Overall, I am giving Paper and Fire three stars, because despite the writing talents of Caine, the characters and overall story fell a bit flat and left me rather disappointed with this series.



You might also like:
An Ember in the Ashes by Sabaa Tahir
A Court of Thorns and Roses by Sarah J. Maas
Throne of Glass  by Sarah J. Maas

Tuesday, June 21, 2016

And I Darken by Kiersten White


**I received a copy of And I Darken courtesy of NetGalley and Delacorte Press.**


And I Darken
And I Darken by Kiersten White. Delacorte Press, 2016. 498 pages. Ebook.

This is a very difficult book for me to review, largely because I really can't decide how I feel about it. On the one hand, it is a gorgeously written, intriguing story that I found myself always wanting to dive back into, but on the other hand, I somehow never truly felt like I understood exactly what the plot was, and I felt as though I was moving exceptionally slowly through it.

The first thing I would like to get out of the way is that describing this book as "fantasy" seems to be a rather loose, incorrect definition in my personal opinion, so don't dive in expecting to find many magical elements. It is definitely historical fiction - I'm not sure why it has so many fantasy tags.

And I Darken tells the story of siblings Lada and Radu, the daughter and son, respectively, of Vlad Draculesti, the current vaivode of Wallachia. The two are essentially abandoned by their father and their native home of Wallachia to be raised in the Ottoman courts, where they meet and befriend a young boy named Mehmed, the son of the current Sultan. Neither child is welcomed much on their birth: Lada, being a girl - and apparently an 'ugly' one at that - is of no use to Vlad, and Radu is a weak, (not strong) boy. The controversy lies in the fact that the enemy of Wallachia, and thus lada and Radu, is the Ottoman city in which they now live, which thus sets up our basic plot.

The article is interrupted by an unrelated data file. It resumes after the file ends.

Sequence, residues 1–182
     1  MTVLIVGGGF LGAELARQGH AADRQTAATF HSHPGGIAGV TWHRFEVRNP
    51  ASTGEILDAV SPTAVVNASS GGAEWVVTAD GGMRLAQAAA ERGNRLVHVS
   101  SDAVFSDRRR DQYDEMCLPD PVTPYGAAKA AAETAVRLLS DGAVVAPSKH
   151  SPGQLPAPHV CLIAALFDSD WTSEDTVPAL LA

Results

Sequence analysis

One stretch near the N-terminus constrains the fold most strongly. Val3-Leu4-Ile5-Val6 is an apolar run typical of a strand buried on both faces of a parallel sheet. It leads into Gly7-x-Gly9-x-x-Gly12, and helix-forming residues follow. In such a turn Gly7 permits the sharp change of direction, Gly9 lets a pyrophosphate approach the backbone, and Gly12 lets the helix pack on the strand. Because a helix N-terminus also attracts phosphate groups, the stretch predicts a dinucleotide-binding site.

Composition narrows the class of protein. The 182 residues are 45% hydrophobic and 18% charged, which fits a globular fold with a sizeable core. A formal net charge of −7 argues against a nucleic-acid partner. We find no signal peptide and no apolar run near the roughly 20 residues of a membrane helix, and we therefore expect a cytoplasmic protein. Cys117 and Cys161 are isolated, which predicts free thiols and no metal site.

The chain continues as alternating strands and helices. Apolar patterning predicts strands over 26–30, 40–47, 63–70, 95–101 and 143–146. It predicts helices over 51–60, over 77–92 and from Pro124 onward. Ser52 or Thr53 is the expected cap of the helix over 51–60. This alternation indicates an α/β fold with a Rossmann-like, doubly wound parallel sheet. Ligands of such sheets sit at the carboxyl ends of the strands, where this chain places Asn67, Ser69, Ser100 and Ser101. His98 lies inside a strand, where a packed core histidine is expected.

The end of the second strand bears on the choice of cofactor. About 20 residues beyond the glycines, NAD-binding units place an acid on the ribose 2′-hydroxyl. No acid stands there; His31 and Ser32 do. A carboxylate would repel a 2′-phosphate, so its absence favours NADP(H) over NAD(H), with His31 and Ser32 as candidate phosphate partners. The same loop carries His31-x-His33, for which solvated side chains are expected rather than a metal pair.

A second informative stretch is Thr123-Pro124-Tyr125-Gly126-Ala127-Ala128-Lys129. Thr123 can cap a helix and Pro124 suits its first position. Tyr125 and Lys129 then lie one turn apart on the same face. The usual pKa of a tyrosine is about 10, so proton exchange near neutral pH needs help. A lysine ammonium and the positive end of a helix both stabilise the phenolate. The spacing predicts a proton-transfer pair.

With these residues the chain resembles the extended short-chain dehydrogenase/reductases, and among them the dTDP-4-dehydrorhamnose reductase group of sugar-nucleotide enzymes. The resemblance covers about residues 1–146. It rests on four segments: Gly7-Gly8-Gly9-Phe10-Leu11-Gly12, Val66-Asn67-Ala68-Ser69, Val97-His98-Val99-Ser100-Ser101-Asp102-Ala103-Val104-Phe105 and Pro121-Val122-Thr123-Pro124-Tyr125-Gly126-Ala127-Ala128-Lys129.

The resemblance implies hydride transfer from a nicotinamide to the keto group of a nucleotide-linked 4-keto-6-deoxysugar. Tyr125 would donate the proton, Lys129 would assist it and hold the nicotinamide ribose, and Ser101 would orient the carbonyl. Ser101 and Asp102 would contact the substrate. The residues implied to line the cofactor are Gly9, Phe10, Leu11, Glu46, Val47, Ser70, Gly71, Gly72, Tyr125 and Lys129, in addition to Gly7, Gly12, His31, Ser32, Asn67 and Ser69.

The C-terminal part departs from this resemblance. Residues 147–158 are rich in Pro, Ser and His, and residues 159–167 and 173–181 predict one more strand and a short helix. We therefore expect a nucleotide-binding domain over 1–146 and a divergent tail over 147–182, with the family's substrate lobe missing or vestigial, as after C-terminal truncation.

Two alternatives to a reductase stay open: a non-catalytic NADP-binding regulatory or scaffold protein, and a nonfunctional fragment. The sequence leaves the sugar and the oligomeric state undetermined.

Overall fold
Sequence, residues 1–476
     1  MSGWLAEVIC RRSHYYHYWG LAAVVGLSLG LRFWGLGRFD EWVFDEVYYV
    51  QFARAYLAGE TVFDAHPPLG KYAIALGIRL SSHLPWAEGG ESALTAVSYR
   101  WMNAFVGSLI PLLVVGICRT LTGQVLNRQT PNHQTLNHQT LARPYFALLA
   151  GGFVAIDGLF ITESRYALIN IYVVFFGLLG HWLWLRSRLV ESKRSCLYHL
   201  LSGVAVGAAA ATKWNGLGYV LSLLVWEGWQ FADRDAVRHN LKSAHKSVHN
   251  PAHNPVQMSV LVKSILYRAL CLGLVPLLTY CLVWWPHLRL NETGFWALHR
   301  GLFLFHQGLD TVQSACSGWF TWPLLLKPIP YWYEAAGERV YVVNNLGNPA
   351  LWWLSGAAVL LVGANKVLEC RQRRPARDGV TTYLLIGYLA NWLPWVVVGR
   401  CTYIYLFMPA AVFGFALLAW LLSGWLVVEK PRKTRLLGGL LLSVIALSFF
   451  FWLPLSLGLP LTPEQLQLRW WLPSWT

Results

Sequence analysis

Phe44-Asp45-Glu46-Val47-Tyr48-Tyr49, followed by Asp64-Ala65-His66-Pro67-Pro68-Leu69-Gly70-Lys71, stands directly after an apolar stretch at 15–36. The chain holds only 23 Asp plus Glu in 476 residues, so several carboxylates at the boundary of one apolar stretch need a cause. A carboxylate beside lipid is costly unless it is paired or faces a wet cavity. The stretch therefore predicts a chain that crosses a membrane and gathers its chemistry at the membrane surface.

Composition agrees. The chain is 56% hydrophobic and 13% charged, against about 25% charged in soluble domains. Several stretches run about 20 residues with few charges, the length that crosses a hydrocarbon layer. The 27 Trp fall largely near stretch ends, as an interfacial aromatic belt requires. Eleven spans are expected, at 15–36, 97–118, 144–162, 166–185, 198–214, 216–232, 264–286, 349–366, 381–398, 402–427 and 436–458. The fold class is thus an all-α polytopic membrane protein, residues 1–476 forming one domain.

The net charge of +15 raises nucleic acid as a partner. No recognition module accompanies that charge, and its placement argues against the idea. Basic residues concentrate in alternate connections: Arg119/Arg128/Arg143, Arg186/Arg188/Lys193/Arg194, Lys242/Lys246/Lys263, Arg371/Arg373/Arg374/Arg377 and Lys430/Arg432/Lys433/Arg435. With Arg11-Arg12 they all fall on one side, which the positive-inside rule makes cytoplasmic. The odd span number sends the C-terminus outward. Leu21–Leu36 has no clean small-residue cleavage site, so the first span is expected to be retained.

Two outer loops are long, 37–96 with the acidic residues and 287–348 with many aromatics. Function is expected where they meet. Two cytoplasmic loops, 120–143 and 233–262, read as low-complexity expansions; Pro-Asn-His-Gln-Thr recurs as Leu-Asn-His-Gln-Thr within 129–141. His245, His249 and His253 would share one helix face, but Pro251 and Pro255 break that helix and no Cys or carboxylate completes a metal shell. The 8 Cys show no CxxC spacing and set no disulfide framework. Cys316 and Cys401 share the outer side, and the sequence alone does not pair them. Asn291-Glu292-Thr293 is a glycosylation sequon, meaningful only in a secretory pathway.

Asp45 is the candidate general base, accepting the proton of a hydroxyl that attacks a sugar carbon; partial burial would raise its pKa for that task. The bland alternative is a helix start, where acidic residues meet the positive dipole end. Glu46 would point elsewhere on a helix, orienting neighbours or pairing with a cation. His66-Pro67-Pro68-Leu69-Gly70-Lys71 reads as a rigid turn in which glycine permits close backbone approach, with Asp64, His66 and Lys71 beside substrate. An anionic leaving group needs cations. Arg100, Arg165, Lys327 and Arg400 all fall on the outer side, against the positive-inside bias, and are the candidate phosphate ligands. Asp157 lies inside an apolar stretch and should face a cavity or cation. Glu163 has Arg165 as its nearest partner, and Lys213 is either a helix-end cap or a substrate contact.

Lada is not your average badass; she's heard-headed badass taken to a whole different level. She is brutal, angry, and not about to mess around. Her biggest struggle  appears to be the fact that she was born female. Since her birth, she has been dismissed as unwanted and unnecessary, and this is what seems to help fuel Lada's fire to prove her worth and also to prove others wrong. In my opinion, Lada truly fits the definition of a dynamic character, and I applaud White on her character development skills. Lada starts out feeling completely unwanted and lost and thus spends her time fighting and struggling with the world around her. Within the pages of And I Darken, Lada truly seemed to find herself and her place in this world. She becomes a tough woman who knows what she wants and is bold enough to make her feelings heard. She embraces her womanhood by not really embracing it: she technically refuses to acknowledge herself as a woman and desires to be considered equal to all the men around her. Lada isn't the most charismatic or immediately likable character, but she is captivating. She is also apparently based off of Vlad the Impaler, so I am interested to see how "dark" she becomes throughout the rest of this series.